The Girl on the Train by Paula Hawkins

The Girl on the Train, Paula Hawkins, Riverhead, 2015

SPOILER ALERT ⚠

2.5 Stars

Rating: 2.5 out of 5.

Book – The Girl on the Train

Everyone at some point in their life has fallen into despair. Perhaps we have all experienced a moment where we want to lapse into oblivion and forget everything awful that ever occurred. When there is no hope, there can only be a dark, deadly, void.

From the moment I picked up Paulina Hawkins’ The Girl on the Train, the main character intrigued me. Here is a woman, Rachel, an alcoholic divorcee, unemployed and unable to have children. She is prone to blackouts and has deep psychological issues. Her husband, Tom, left her for sexy Anna, a younger woman, with whom he has a baby. Now the new happy couple lives in Rachel’s old house, a house she passes every day as rides the train into London, to a job which she no longer has.

Just a few houses down from her old home lives another couple: a young, beautiful pair, into whom Rachel puts all her feelings of hope. Now here is a truly happy couple. She doesn’t know their names, so she builds a life for them in her own head: a perfect life, calling them Jess and Jason.

But then Jess goes missing. Where did she go? What happened?

Little by little, ugly truths are revealed. Jess’s real name is Megan and her husband’s is Scott. Everyone in the book is a suspect, especially Scott, Rachel, and even a ham-handedly placed “red-herring.”

An Imitation of a Better Book?

This book has been compared to Gillian Flynn’s Gone Girl, and it should, for there are similarities.

–The word “Girl” is in the title.

–A supposedly perfect married couple and a blonde, possibly pregnant, wife goes missing and the husband is accused.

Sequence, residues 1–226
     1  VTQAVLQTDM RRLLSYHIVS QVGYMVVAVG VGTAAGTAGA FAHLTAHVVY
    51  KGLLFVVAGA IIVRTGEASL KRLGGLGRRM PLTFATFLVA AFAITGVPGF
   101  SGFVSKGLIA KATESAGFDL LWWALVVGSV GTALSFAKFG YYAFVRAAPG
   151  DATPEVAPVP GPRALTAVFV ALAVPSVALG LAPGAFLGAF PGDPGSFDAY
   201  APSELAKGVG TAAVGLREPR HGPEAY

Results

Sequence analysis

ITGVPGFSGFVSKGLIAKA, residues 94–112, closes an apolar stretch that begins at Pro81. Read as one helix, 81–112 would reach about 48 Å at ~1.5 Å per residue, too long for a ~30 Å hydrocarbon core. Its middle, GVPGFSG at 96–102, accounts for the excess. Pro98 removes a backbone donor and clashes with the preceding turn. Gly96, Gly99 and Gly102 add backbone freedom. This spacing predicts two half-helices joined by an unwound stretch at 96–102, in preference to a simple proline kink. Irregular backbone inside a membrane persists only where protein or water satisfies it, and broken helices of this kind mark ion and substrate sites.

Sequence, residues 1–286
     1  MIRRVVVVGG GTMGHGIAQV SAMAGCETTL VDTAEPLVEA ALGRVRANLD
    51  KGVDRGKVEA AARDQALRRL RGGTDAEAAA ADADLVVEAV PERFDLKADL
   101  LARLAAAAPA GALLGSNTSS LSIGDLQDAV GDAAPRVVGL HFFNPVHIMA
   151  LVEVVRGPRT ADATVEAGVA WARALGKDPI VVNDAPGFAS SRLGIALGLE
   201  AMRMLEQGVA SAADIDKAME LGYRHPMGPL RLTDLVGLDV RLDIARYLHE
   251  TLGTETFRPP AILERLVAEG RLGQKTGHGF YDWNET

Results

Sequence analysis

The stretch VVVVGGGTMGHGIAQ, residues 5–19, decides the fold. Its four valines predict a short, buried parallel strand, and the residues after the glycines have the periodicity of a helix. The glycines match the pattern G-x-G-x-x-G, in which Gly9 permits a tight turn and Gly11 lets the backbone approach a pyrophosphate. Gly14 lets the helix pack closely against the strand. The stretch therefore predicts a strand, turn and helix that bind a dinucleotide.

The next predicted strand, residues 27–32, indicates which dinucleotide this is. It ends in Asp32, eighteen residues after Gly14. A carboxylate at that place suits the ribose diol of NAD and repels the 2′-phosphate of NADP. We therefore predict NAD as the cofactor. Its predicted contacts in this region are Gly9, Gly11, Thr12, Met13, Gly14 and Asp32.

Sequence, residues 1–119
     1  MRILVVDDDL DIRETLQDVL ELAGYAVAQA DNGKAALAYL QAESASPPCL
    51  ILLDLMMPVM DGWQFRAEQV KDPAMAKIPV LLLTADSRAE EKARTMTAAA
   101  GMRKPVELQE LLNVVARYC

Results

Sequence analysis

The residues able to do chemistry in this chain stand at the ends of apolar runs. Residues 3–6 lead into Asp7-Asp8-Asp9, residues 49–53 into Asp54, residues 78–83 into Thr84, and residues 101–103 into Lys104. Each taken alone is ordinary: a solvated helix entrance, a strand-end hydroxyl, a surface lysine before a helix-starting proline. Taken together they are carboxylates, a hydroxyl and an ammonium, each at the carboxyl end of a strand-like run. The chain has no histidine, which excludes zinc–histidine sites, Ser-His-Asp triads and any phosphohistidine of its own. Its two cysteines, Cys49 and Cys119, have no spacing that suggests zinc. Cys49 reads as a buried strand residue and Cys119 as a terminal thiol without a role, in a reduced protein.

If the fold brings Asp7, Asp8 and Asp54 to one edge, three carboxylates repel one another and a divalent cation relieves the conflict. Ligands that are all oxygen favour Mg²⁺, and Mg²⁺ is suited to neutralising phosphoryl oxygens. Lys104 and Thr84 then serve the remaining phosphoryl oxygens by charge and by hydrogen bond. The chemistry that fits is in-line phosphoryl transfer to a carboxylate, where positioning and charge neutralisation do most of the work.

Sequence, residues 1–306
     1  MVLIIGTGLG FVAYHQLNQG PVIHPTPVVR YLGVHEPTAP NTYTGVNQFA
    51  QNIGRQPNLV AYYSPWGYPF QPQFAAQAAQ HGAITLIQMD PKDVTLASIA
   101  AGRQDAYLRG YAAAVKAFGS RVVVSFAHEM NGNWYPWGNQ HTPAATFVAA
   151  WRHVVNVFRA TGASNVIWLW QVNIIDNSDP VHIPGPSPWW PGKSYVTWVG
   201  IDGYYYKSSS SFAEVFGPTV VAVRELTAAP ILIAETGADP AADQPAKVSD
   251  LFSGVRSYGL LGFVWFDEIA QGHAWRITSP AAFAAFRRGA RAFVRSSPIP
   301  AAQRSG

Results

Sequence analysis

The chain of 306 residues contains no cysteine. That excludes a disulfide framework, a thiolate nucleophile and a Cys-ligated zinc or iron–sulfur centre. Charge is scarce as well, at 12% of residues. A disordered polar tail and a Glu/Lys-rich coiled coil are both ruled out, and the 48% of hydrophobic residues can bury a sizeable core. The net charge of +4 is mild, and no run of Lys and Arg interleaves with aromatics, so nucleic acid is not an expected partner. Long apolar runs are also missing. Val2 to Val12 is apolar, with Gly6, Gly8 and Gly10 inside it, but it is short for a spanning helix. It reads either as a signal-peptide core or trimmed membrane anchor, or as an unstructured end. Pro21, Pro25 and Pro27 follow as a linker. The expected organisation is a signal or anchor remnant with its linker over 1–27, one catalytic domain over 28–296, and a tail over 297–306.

–There are crime groupies (In this case, it’s the main character).

–Use of first-person-present tense and unreliable narration that alternates from character to character to add a sense of confusion.

–A supposed critique of upper-middle-class marriages.

But while Flynn’s writing is gleefully over-the-top, her characterization rapier-sharp and spot on, The Girl on the Train is self-indulgently mopey. At first I felt so bad for Rachel, a woman callously screwed over by life. But does she shake herself off, say “Eff you haters!” and make things better for herself? No. She just whines and drinks and sulks. And while she has every reason to be angry with life, at a certain point it’s just too much! She makes for a very unlikeable character, and not in a good way.

That is the major difference between Gone Girl and The Girl on the Train. While Amy is irrefutably an evil, messed-up person, she takes control. Shit happened to her, but she is no victim. She will rule her life by any means necessary. Psycho stuff, for sure, but hell of an entertaining read. Perhaps Amy is not the perfect ideal of feminism, but she is a not someone who lets people screw her over. Rachel is just a sad-sack of misery, she should have just left town and moved on. I’m not an encourager of suicide, and Rachel was leading down that path, so it’s no fun to watch.